Andrey Rublev has done it again. The 23-year-old has won another ATP 500 title.
His victory in Rotterdam – beating Marton Fucsovics in straight sets in the final – was his 20th ATP 500 win in a row and fourth consecutive title at that level.
His winning run has put him among some illustrious company; Roger Federer holds the record for most successive ATP 500 wins with 28, Andy Murray is second with 21 and Rublev is already ahead of Rafael Nadal (19) and Novak Djokovic (17).
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There is no doubt that Rublev is on the rise. Along with his success at ATP 500 events, he’s 58-11 in singles matches since November 2019 and has won the last seven finals he has played.
But does he have the qualities to make the next step?
The world No 8 showed he possesses some excellent tools in Rotterdam as he was one of the few players able to hit through the slow courts with his huge forehand. His serve has also improved over the last few years and he showcased some solid net play in his semi-final win over Stefanos Tsitsipas and victory over Fucsovics.
But is his raw power and aggression from the baseline enough?
So far on the big occasion it hasn’t been. He has made the quarter-finals at each of his last three Grand Slams, but has lost in straight sets every time – twice to fellow Russian Daniil Medvedev – and has only once made the quarter-finals of a Masters 1000. He also lost two of his three matches at last year’s ATP Finals after qualifying for the first time and his comments after his defeat to Nadal at the tournament revealed plenty about his position.
"I don't really play with top players, so all the other players they play much more with top players, and me, now it's my second time against Rafa and one more time I [have] play[ed] against Roger. So I don't really have much experience, so the more I will play against them the better. I think I will perform every time."
Rublev has so far shone against players ranked lower than him, winning 30 of his last 31 matches against players ranked No 11 in the world or lower, but his record against top-10 players is 10-18.

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He also hasn’t fared too well against rivals of his age. He’s lost all four of his meetings against both Medvedev and Alexander Zverev while his win against Tsitsipas this weekend levelled their head-to-head record at 3-3.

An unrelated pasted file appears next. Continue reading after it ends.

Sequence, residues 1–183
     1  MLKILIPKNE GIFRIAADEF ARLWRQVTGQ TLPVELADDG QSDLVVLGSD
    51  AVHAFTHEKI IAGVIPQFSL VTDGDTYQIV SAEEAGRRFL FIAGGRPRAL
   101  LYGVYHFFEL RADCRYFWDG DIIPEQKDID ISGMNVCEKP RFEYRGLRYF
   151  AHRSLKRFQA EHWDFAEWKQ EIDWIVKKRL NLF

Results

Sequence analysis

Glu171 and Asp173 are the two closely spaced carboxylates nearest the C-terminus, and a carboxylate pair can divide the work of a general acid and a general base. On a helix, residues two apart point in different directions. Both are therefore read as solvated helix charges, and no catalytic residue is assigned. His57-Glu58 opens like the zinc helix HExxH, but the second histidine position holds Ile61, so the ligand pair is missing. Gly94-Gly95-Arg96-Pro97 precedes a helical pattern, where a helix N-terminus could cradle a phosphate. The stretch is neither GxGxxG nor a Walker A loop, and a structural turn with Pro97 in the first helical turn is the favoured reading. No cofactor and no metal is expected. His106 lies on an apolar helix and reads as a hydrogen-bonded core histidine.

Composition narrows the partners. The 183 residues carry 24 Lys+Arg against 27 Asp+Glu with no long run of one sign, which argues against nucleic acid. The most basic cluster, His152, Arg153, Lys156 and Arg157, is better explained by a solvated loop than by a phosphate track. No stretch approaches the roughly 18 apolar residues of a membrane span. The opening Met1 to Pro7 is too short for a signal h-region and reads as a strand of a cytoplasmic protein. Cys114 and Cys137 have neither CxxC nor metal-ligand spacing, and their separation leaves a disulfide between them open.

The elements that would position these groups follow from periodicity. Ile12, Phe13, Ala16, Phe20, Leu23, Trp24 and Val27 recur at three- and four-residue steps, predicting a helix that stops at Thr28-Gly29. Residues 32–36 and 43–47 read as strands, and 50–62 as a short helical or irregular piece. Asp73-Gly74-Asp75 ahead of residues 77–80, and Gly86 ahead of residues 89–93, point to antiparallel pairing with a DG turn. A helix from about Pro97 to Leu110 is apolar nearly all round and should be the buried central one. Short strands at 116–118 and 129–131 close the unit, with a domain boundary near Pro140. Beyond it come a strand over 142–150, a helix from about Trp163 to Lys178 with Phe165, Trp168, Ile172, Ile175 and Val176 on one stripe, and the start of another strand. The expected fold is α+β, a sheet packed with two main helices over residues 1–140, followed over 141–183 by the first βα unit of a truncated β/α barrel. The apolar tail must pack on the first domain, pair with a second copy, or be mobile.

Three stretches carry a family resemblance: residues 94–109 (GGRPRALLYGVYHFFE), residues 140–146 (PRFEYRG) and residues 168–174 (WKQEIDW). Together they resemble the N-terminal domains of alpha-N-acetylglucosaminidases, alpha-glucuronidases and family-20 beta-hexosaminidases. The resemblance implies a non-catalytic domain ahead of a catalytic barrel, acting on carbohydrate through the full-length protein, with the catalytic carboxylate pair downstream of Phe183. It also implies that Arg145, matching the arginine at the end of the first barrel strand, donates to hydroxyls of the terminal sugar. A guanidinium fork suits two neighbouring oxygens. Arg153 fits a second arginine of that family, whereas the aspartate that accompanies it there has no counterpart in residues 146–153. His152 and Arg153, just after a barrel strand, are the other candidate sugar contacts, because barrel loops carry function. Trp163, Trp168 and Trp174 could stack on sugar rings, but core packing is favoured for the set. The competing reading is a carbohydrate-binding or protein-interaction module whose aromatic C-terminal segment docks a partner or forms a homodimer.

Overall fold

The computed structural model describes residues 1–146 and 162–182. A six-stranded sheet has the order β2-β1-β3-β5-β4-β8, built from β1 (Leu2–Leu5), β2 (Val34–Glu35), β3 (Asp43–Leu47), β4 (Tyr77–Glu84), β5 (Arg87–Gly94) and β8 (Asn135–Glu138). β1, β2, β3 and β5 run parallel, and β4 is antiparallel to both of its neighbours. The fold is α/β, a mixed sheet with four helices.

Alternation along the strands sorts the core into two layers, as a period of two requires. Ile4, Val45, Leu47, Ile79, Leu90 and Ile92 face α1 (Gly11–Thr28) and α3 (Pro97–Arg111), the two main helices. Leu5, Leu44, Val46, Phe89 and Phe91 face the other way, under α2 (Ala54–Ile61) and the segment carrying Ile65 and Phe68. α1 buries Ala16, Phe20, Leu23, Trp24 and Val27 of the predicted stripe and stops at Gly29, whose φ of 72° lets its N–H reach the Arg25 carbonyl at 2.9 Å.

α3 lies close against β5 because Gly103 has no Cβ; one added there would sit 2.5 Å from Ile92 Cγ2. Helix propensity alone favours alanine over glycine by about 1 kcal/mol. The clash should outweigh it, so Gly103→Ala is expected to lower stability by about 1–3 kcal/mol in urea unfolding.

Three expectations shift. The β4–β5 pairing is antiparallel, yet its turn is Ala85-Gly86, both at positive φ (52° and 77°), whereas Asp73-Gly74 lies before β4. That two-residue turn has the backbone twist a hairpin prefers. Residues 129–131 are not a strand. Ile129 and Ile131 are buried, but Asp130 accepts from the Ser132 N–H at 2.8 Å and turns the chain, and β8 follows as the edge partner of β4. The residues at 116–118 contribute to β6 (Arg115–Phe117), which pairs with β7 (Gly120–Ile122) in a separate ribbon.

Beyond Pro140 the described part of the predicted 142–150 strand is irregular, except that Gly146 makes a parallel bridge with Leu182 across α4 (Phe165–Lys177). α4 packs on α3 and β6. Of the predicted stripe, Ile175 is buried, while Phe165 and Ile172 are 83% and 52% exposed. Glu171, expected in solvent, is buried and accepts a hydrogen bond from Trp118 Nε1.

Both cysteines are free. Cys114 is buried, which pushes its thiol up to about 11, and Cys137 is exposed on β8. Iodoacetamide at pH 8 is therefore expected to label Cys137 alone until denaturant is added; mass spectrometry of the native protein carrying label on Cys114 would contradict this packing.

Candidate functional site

So what’s lacking?
"I think that the next step for him to winning or going deeper in majors is probably just learning to tone it down at times maybe in matches," said Andy Murray before his defeat against the Russian in the second round in Rotterdam.
"But it’s difficult when you’ve played a certain way, which has gotten you to the top of the game and into the top 10 of the world at a young age."

Highlights: Murray comes up short against Rublev in Rotterdam

Federer said that he thought Rublev was going to be "something special" after losing to him in their only meeting in Cincinnati in 2019, but maybe now he needs to add more variety to his game. He clearly has the power and skill from the baseline to control matches and showed a good level of consistency on his way to winning the title in Rotterdam. But is that enough against the very best? The way he has been beaten by Medvedev in their four meetings suggest there is still another step for him to take.
"Patience" was a word that came up when Rublev praised his fellow Russian ahead of their quarter-final at the Australian Open last month.
"He reads the game really well and it's amazing the patience he has to stay so long in the rallies, to not rush, to take the time, and these things are amazing because in the end these little details, they make him who he is."
Rublev has the power, now maybe he just needs to find the patience to match.
ATP Rotterdam
'I blew it, I messed up' - Murray on defeat to Rublev in Rotterdam
04/03/2021 AT 10:27
ATP Rotterdam
Highlights: Murray comes up short against Rublev in Rotterdam
04/03/2021 AT 10:21